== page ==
Demystifying Unity's Graphics Hardware Requirements
We have tested Unity on the following systems. We use the systems to identify the minimum specs required for Unity. We make the reasonable assumption that newer hardware from AMD, Intel and NVIDIA will be even more capable than the one listed below.
- System 1: Dell Mini 9, 1G RAM, GMA 950, 1024x600 screen resolution
- System 2: Pentium 4 2.4GHz, 1G RAM, ATI 3450 AGP (256MB) + fglrx driver, 1280x1024 screen resolution
- System 3: Pentium 4 2.4GHz, 1G RAM, ATI 3450 AGP (256MB) + open source radeon driver, 1280x1024 screen resolution
- System 4: Pentium 4 2.4GHz, 1G RAM, NVidia Geforce 6600 AGP (128MB) + Proprietary NVidia driver, 1280x1024 screen resolution
- System 5: AMD Socket A Athlon XP 3000+, 2G RAM, NVidia Geforce 6200 + free nouveau 3D experimental driver, 1280x1024 screen resolution
Here are the results of our initial experiences with the systems listed above. We consider the system stability, as well has its responsiveness and graphics rendering performance.
- System 1: Good
- System 2: Good
- System 3: Graphics artifacts
- System 4: Good
- System 5: Excellent
OpenGL Version required by Unity
Unity requires OpenGL 1.4 of higher. Because of the decoupling between OpenGL versions and the first implementation of new extensions by hardware vendors, just having OpenGL 1.4 is not enough. The system must also have support for a number of OpenGL extensions.
OpenGL Extensions required
- Framebuffer Object
- Rectangle Textures
- Non power of 2 textures
- Vertex programs
- Fragment programs
- buffer objects
- GLSL shader support (Optional)
- Minimum 128MB of video memory
- Minimum texture width/height 2048
- Enough registers for vertex and fragment shaders programs
Hardware Release Dates
Here are the GPU hardware release dates of our test systems. They help us determine of far back we can go to find GPUs that can run Unity.
- GMA 950: May 2005
- Radeon HD 3450: 2008
- Geforce 6600: 2004
- Geforce 6200: 2004
Main OpenGL Features Specification dates
The release date of some key OpenGL extensions is a good indicator of when they where first made available by graphics hardware vendor such as AMD and NVidia.
- Vertex/Fragment assembly programs: 2002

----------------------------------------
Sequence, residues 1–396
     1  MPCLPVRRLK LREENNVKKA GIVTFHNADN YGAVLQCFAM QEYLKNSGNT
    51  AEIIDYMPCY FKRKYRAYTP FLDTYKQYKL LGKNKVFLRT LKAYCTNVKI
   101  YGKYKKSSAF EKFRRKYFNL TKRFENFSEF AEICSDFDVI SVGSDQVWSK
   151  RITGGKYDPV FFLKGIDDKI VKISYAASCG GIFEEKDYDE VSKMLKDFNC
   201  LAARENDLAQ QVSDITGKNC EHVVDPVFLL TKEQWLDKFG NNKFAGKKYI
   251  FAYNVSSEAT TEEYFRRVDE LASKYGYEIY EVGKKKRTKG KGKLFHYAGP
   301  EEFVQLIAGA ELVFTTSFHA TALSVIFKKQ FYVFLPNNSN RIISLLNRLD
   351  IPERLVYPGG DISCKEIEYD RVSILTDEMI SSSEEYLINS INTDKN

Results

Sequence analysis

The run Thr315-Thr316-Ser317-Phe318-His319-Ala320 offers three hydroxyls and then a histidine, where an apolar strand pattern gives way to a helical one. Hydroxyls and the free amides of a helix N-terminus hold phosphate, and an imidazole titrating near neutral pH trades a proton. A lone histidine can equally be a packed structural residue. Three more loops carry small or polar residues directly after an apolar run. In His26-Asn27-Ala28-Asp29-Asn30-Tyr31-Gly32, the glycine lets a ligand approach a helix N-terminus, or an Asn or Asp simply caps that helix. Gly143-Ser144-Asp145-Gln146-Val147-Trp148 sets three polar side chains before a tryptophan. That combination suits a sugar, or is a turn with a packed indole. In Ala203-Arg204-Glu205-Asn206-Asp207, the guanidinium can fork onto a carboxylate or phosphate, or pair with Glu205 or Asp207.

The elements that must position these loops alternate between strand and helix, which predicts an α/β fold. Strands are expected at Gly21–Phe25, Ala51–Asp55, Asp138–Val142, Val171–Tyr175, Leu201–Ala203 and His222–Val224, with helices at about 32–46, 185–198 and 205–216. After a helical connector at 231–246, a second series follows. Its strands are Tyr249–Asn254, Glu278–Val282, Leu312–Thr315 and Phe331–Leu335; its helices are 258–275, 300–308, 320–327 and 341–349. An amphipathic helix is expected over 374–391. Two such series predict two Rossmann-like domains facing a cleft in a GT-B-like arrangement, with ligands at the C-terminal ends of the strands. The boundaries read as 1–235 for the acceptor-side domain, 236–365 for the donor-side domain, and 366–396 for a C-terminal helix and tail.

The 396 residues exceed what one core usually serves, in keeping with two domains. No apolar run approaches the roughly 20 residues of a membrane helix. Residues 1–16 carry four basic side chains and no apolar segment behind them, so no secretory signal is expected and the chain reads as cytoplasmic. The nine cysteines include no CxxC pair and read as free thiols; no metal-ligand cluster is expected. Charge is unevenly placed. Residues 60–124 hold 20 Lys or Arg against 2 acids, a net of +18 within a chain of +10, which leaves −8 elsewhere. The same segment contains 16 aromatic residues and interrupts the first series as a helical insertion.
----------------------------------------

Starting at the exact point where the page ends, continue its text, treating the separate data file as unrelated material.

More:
- Frame buffer Objects: 2005
The following hardware have the required capabilities for Unity:
- All GPUs released today by either NVidia, AMD or Intel.
- GPUs released by NVidia and AMD over the last 5 years.
- GPUs released by Intel after the GMA 950 (*).
(*) Except for GPUs with no appropriate driver support or missing features.
Is Unity dramatically raising the minimum graphics hardware requirements?
No, Unity tries to take advantage of features that have beeen specified or released many years ago.
How do I know my GPU can run Unity?
There is a test program in Natty for that. Run this command:
It will tell you if your system has the required capabilities for Unity. This is the same program we run at boot time to decide if Unity will be started or if a fall-back should run instead.
What drivers do you recommend?
- Fglrx driver: We have had some issues with the fglrx driver but we have been able to resolve them. With the fglrx driver, you will be missing features such as Kernel Mode Setting (KMS).
- Open Source Radeon driver: can exhibit rendering artifacts on some systems. In the "System 3" configuration, Unity is not usable due to serious rendering issues.
NVidia GPUs: Nvidia propietary drivers; Experimental 3D nouveau driver
Intel GPUs: Intel open source drivers.
What should I be aware of before I try Unity?
- Avoid exotic hardware combinations.
- Use the right drivers for the right GPU.
- Avoid mixing libraries when trying to fix graphics problems.
- Not all GPUs have the computational power to drive a multi-monitor setting at high resolution. Choose your hardware according to your needs.
- All drivers have bugs, please reports them with as many details as possible.
- There are also bugs in Unity that we could have missed. Please, report them also.
What if my system does not have the required OpenGL minimum
We have Unity 2D. It works on systems that don't have the features needed by Unity 3D. It is a great way to have Unity without the hardware requirements.
What about the future?
We may need more OpenGL features to improve Unity in the near future. Yet, we will always try to support as many GPUs as possible. A reasonable target would be feature equivalence with OpenGL ES 2.0 . It is an industry standard that we believe many GPUs and drivers should be able to support already today, if not, in the near future.